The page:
Today's title is based on a quote from Rand Paul that I read in a CNN editorial earlier today. Those of you reading regularly know me well enough to know that this is the sort of sentiment I don't really agree with. I find the logic hard to follow. . . and have even when I have read this type of sentiment from a host of other thinkers who have tried to spell it out more clearly.
As I've stated in varying ways here before, I think the art of government is balancing the needs of civil society with individual liberty. Civil societies need educated children not forced into hard labor at a young age. They need clean air and water and safe spaces. I believe civil societies ultimately need to provide access to health care for most of their citizens. I believe the role of good government is create conditions where the majority of its citizenry can pursue life, liberty and happiness, even those born in abject poverty . . . maybe especially for those born into abject poverty. But I also believe that individual rights are important too. The rights of one should not be taken over the tyranny of many. Democracy tells us that the majority gets their way; our Constitution tells us that we are free to pursue happiness in the ways we wish regardless of what the majority wants.
I say that politics is an art, because there are lots of times when the needs of the many and the needs of the few, or the one (thanks Spock) are in conflict. So while some people might see any form of taxation as equal to bondage . . . for others those tax dollars are the path to freedom. They pay for education. Jobs. Military. Welfare programs. Etc. Etc.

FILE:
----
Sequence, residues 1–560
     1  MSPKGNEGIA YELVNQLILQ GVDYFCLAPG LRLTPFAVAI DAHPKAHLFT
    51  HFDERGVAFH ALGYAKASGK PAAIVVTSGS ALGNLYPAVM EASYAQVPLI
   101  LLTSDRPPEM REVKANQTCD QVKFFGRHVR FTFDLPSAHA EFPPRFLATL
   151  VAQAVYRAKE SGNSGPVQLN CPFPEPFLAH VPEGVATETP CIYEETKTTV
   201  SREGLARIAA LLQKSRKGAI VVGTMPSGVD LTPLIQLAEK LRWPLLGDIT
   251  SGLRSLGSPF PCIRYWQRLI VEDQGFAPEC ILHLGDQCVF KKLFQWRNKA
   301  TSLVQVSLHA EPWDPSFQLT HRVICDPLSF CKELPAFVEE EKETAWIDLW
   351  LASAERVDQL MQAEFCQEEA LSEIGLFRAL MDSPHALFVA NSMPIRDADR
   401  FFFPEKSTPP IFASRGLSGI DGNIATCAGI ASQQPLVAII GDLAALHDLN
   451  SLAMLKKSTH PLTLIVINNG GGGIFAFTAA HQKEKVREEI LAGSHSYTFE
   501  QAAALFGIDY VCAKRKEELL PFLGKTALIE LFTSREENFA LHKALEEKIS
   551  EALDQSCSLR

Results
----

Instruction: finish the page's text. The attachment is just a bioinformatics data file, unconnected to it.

To the point.
Is the IRS wrong to target specifically conservative groups in their audits of non-profits? Absolutely. No party may use its political power to oppress the another faction of society. If audits and/or censure were necessary for Tea Party-associated organizations, then they were also necessary for organizations like Moveon.org. If organizations that claim to be 501(c)(3)s are engaged in political activity that crosses the (terribly vague) boundary then it is necessary for the government to uphold the law. And while the outrage, this week, is that conservative groups were unfairly targeted because of overt political activities, to me the outrage should be over something bigger than this.
Our local education foundation here operates as a 501(c)(3), as well as being staffed entirely by volunteers, and as such is able to return nearly 100% of collected money into our community, targeting schools where need is the greatest. This status also helps people feel more generous in donating because they get a tax break too. The 501(c)(3) was designed to help organizations (including churches) put money back into their communities, ultimately bolstering federal money that occasionally trickles down to the local level. This status was not intended to be one more arm for political parties to raise money without impunity.
Obama's firing the head of the IRS is probably a necessary first step (Politics 101: Every Scandal Needs a Scapegoat), but ordering next an investigation of 501(c)(3)s that supported his own campaign would be a good move. Both politically and morally. When problems are found, as they will be--everybody plays dirty in this game, equal sanctions must be in place. But then the third order of business needs to be a tightening of the 501(c)(3) rules. Senator Rand will rant and scream in his high-pitched hillbilly that political money is free speech. But I will know that for all his talk of freedom and justice and liberty . . . at its heart he is really talking about unfettered money into politics. Money that buys politicians. Politicians who favorably legislate for issues that make sure the people with the money keep all the money.